Authors note: This is a work of fiction. It does not reflect any actual events, and all of the characters are fictional. Any similarity to events or persons living or dead is purely coincidental.
There is a real city of Oceanside, California. It’s San Diego County’s third largest city with a below-average crime rate.
The Grand Pacific Hotel is fictional, but during the late nineteenth and early twentieth centuries, there were at least two similar resort hotels that did exist, primarily serving railroad passengers and tourists as described in this book.
— Tom Morrow
The autopsy reports the detectives had just received were adding good useful information to their case. Unfortunately, there were still too many unanswered questions; however, things were beginning to tighten up. But to further tighten things up, they needed to find out just who in the hell the boiler Marine was, how his body got there, and why he hadn’t turned to dust.
To find out who the Marine was, his dog tags were taken to the lab to have the tech guys ascertain what information could be gleaned. The tags, for the most part, were illegible; but, Danny and Joe felt their guys could find something. The OPD had some really smart people back in the lab, so if it could done, they’d do it.
Assuming the body was that of a Marine, and he could be identified, there was the problem of dealing with Harrison Flynn of the NCIS out at Camp Pendleton. He first identified the tags of the mummified Marine and went to great lengths to try and wrestle the case from the Oceanside Police Department. He was not successful.
But if he finds out another dead Marine was discovered at the hotel, there was no question he would be successful in procuring a new case such as this. Joe and Danny, and no one else in the department, wanted that to happen. They already had invested a lot of time, and money, into their own investigation and wanted no part of turning the case over another agency. To keep that from happening, everything had to be kept quiet. Fortunately, only a hand full of people knew about the boiler body. It had to stay that way—period.
The other item on the agenda was figuring out why the body hadn’t turned to dust when all indications suggest it should have. Something was amiss, but what? After stopping by the lab, the two detectives tossed around some ideas.
“I don’t know, Danny. I haven’t a clue. What’re you thinking?”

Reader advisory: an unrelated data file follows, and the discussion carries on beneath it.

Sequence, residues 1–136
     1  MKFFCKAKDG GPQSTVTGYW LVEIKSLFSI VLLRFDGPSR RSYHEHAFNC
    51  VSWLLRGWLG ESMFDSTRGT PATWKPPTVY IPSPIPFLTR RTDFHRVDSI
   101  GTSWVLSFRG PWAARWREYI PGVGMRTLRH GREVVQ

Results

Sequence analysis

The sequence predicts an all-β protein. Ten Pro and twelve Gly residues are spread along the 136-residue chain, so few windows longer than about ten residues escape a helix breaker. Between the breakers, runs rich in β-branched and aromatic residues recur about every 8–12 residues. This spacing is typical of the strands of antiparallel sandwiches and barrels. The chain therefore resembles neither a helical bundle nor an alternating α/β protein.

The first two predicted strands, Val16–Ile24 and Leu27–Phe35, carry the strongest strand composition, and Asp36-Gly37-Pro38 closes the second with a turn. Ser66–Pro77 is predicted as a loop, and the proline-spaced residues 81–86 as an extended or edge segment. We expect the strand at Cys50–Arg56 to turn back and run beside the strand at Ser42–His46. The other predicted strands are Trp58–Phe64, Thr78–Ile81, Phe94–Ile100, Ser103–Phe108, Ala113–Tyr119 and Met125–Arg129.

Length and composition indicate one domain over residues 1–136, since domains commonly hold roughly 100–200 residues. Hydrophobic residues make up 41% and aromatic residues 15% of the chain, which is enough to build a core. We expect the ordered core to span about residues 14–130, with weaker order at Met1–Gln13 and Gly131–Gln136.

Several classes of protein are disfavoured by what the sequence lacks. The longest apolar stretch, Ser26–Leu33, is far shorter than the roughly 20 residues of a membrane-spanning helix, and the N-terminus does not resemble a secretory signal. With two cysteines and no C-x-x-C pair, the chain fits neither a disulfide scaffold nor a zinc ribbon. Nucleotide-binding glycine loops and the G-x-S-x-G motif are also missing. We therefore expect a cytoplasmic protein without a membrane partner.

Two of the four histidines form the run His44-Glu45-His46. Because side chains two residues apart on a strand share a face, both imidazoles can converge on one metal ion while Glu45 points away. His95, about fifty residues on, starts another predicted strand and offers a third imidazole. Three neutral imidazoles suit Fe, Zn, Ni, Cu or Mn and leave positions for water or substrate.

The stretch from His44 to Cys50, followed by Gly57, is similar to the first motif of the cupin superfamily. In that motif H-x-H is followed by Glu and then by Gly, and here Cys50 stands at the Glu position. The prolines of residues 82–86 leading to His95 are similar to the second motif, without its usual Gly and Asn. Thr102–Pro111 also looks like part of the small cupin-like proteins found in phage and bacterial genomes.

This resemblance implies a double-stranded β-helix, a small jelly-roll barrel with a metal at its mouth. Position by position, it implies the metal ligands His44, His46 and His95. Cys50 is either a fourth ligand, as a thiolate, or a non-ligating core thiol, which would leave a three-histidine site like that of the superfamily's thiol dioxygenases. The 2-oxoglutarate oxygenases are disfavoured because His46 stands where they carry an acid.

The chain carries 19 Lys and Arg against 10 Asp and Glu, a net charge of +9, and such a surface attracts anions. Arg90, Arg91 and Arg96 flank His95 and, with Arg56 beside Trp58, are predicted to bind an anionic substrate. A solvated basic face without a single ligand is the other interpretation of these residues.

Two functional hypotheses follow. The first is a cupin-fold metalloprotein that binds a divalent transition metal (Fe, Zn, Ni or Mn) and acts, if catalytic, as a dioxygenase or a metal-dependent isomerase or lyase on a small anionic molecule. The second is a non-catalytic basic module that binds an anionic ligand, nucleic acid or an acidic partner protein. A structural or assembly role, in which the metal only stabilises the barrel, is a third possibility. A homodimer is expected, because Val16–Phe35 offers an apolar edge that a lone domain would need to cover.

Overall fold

“It’s a puzzlement, that’s for sure. But we’ve got to start somewhere.”
“Yeah, so how about us going back over to the hotel and look at that boiler again. Maybe it’ll give us some fresh ideas.”
“Maybe. But the tech guys already have gone over that thing with a fine-tooth comb. They didn’t seem to find anything of significance.”
“But then again, they may not have been looking for what we’re looking for.”
“And just exactly what are we looking for? Danny asked.
“Hell, I don’t know. That’s why we need to ride back over there and look around. We might find something.”
Instead of going back to the office, they turned around and headed to the hotel—or what was left of it, which was not much. Del was in the finishing throes of loading a pile of old, moldy, and shredded scrap wood into one of his dump trucks. Two more loads and the old hotel would officially be history. The detectives pulled into the pot-filled parking lot and got out. Del was on the far corner of the property. He saw the detectives and walked in their direction.
“Just about got ’er done. Couple more loads and we’re out of here.”
“Yeah, we see that,” Joe said.
“Appreciate you fellows helping speed things along for me so I could get back to tearing this thing down,” Del said.
“Thanks for the kudos, but all we could do was put in a good word. The real reason things speeded up was that Professor Hanover didn’t find any dinosaur eggs. If he had, he’d still be here,” Joe said with a touch of humor.
“Dinosaur eggs! Hell, it was a crap pit for Chris’ sake. All he was going to find was shit and whatever else falls down those things.”
“Remember the body?” Danny said.
“Yeah, well, what can I say. You ever find at who it was.”
“No not really. Just discovered how old she might’ve been and how she died. No name yet,” Joe said.
“A lady, huh. Well, that’s a shame, a real shame. What about the boiler guy. Anything there?”
“Yeah, some; but not enough. That’s why we’re over here. Wanted to look at that boiler again,” Joe said.
“Well, as you can see, it’s gone. Just like everything else.”
“Where did you haul it?” Danny asked.
“I didn’t haul it anywhere. Somebody else did.”
“Who was that?”